The make-up and temperature of Uranus’s rings


Pioneer cover

From the press release: From the moment he is handed a possibility of making the first alien contact, Saunders Maxwell decides he will do it, even if doing so takes him through hell and back.

 
Unfortunately, that is exactly where that journey takes him.

 
The vision that Zimmerman paints of vibrant human colonies on the Moon, Mars, the asteroids, and beyond, indomitably fighting the harsh lifeless environment of space to build new societies, captures perfectly the emerging space race we see today.


He also captures in Pioneer the heart of the human spirit, willing to push forward no matter the odds, no matter the cost. It is that spirit that will make the exploration of the heavens possible, forever, into the never-ending future.

 
Available everywhere for $3.99 (before discount) at amazon, Barnes & Noble, all ebook vendors, or direct from the ebook publisher, ebookit.
 

The rings of Uranus

New radio images taken by the ground-based telescopes by the ALMA and VLT telescopes in Chile have allowed scientists to better determine the make-up and temperature of the rings of Uranus.

The image above is from their paper. From the caption:

Images of the Uranian ring system at 3.1 mm (ALMA Band 3; 97.5 GHz), 2.1 mm (ALMA Band 4; 144 GHz), 1.3 mm (ALMA Band 6; 233 GHz), and 18.7 μm (VLT VISIR; 100 THz)…The planet itself is masked since it is very bright compared to the rings.

From the article above:

The new images taken by the Atacama Large Millimeter/submillimeter Array (ALMA) and the Very Large Telescope (VLT) allowed the team for the first time to measure the temperature of the rings: a cool 77 Kelvin, or 77 degrees above absolute zero — the boiling temperature of liquid nitrogen and equivalent to 320 degrees below zero Fahrenheit.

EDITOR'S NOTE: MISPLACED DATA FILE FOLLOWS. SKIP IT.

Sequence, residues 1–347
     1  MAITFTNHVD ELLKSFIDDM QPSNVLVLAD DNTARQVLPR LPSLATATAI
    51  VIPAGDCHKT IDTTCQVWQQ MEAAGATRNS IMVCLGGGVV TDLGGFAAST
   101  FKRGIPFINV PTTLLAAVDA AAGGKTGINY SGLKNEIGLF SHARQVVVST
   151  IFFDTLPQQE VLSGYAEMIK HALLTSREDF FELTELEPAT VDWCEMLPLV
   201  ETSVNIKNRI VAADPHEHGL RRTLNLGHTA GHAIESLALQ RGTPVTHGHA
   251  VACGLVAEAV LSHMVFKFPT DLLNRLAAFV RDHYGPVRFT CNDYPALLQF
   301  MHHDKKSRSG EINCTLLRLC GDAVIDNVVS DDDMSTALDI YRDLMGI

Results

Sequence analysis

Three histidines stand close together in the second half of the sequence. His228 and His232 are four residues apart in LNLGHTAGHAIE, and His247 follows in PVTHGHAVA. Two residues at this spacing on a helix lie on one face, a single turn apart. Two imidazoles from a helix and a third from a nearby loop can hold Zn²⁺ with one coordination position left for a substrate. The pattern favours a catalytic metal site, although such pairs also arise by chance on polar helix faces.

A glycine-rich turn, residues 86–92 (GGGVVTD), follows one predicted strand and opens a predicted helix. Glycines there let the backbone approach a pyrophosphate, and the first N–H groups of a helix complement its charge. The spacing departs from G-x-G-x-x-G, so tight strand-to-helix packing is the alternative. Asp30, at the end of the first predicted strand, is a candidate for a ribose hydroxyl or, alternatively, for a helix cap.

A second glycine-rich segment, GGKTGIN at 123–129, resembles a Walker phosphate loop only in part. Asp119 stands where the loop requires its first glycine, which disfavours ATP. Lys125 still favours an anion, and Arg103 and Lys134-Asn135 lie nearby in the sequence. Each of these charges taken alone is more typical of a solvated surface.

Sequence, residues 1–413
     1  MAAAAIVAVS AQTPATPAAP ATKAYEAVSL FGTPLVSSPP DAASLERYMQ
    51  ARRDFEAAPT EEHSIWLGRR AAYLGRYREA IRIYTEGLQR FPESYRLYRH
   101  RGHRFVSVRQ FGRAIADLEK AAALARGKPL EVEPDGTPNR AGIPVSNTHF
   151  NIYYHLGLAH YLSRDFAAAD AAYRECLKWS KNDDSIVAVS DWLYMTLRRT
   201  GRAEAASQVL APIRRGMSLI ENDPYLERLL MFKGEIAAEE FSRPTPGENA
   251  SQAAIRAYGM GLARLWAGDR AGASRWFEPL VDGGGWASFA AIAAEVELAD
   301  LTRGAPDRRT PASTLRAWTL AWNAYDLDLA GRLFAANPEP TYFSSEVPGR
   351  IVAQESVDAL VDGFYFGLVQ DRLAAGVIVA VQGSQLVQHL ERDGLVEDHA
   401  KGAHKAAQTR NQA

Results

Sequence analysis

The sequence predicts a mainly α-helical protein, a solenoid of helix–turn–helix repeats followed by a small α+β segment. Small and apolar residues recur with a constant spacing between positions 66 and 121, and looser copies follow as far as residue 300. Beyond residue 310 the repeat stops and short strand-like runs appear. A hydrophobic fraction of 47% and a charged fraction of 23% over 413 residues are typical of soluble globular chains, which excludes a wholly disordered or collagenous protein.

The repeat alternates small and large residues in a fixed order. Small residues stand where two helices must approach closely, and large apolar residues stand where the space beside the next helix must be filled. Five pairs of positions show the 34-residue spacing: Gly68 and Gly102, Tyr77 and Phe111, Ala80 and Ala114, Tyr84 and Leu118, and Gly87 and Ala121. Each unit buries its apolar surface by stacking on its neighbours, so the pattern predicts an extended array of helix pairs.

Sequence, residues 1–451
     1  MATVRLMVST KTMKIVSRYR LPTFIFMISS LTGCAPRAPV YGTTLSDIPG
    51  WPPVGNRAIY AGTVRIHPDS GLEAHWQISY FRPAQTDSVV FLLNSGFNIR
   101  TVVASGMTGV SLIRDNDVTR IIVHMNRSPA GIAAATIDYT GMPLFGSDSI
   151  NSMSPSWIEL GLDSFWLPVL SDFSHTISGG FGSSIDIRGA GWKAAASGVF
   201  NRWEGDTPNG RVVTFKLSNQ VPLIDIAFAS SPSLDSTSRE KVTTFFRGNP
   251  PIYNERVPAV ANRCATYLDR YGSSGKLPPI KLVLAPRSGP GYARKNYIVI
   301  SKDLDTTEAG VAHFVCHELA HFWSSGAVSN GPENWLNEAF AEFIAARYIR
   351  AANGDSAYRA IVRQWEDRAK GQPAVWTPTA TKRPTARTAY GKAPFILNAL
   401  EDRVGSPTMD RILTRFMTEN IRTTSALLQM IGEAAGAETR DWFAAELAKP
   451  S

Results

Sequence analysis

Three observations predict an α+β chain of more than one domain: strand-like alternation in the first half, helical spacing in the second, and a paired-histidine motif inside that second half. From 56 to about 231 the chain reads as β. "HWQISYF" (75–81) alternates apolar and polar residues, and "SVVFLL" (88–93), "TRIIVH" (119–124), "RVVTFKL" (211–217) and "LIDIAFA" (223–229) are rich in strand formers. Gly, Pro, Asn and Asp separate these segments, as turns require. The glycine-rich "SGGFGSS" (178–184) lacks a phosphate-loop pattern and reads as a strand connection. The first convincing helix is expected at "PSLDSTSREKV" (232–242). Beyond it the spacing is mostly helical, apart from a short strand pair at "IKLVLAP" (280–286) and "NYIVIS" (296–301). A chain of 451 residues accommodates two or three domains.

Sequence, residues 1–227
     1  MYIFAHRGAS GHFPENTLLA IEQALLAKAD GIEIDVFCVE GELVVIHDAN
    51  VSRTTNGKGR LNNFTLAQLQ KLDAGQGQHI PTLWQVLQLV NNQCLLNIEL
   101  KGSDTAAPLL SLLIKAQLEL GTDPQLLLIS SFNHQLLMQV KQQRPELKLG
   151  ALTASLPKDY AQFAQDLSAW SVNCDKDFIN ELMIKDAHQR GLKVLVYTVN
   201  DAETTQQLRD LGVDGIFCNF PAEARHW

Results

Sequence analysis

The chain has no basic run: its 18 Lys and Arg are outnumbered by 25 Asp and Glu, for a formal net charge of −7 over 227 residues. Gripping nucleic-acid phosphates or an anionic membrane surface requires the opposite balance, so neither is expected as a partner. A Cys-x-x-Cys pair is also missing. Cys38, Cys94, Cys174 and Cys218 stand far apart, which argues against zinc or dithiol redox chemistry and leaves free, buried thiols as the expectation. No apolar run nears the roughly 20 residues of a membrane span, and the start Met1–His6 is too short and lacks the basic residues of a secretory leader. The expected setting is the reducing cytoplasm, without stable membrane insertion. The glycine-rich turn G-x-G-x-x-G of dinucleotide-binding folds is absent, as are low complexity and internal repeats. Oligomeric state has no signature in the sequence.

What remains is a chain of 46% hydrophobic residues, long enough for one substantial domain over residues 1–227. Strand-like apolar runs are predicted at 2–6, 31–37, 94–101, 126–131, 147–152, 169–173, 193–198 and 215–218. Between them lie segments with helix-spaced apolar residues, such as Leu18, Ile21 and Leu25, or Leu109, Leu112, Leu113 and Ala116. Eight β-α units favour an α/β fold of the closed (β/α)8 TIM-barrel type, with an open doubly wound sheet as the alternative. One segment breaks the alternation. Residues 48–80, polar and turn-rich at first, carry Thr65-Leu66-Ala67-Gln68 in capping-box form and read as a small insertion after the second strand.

The observations also confirm that Uranus’s brightest and densest ring, called the epsilon ring, differs from the other known ring systems within our solar system, in particular the spectacularly beautiful rings of Saturn.

“Saturn’s mainly icy rings are broad, bright and have a range of particle sizes, from micron-sized dust in the innermost D ring, to tens of meters in size in the main rings,” said Imke de Pater, a UC Berkeley professor of astronomy. “The small end is missing in the main rings of Uranus; the brightest ring, epsilon, is composed of golf ball-sized and larger rocks.” [emphasis mine]

The mystery is why this ring has no dust, something not seen with any other ring system in the solar system, including the inner rings of Uranus itself..

Readers!
 

Every July, to celebrate the anniversary of the start of Behind the Black in 2010, I hold a month-long fund-raising campaign to make it possible for me to continue my work here for another year.
 

This year's fund-raising drive however is more significant in that it is also the 10th anniversary of this website's founding. It is hard to believe, but I have been doing this for a full decade, during which I have written more than 22,000 posts, of which more than 1,000 were essays and almost 2,600 were evening pauses.
 

This year's fund drive is also more important because of the growing intolerance of free speech and dissent in American culture. Increasingly people who don't like what they read are blatantly acting to blackball sites like mine. I have tried to insulate myself from this tyrannical effort by not depending on Google advertising or cross-posts Facebook or Twitter. Though this prevents them from having a hold on me, it also acts to limit my exposure.
 

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